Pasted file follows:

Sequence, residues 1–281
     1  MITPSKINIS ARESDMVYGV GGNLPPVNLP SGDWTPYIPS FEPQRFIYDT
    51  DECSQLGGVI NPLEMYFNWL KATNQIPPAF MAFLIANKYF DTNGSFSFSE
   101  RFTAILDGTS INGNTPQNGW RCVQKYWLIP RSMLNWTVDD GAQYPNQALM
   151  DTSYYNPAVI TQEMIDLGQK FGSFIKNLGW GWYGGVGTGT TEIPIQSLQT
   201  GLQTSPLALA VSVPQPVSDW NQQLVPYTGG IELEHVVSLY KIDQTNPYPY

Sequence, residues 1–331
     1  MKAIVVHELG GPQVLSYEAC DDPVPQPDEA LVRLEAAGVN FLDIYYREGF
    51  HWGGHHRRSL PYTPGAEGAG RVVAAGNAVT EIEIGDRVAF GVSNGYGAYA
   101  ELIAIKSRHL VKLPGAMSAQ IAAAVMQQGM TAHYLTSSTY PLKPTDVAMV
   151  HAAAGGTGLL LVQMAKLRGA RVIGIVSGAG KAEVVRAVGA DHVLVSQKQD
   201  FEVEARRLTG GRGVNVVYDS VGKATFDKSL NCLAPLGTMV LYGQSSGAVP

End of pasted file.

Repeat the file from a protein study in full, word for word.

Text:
Sequence, residues 1–281
     1  MITPSKINIS ARESDMVYGV GGNLPPVNLP SGDWTPYIPS FEPQRFIYDT
    51  DECSQLGGVI NPLEMYFNWL KATNQIPPAF MAFLIANKYF DTNGSFSFSE
   101  RFTAILDGTS INGNTPQNGW RCVQKYWLIP RSMLNWTVDD GAQYPNQALM
   151  DTSYYNPAVI TQEMIDLGQK FGSFIKNLGW GWYGGVGTGT TEIPIQSLQT
   201  GLQTSPLALA VSVPQPVSDW NQQLVPYTGG IELEHVVSLY KIDQTNPYPY

Sequence, residues 1–331
     1  MKAIVVHELG GPQVLSYEAC DDPVPQPDEA LVRLEAAGVN FLDIYYREGF
    51  HWGGHHRRSL PYTPGAEGAG RVVAAGNAVT EIEIGDRVAF GVSNGYGAYA
   101  ELIAIKSRHL VKLPGAMSAQ IAAAVMQQGM TAHYLTSSTY PLKPTDVAMV
   151  HAAAGGTGLL LVQMAKLRGA RVIGIVSGAG KAEVVRAVGA DHVLVSQKQD
   201  FEVEARRLTG GRGVNVVYDS VGKATFDKSL NCLAPLGTMV LYGQSSGAVP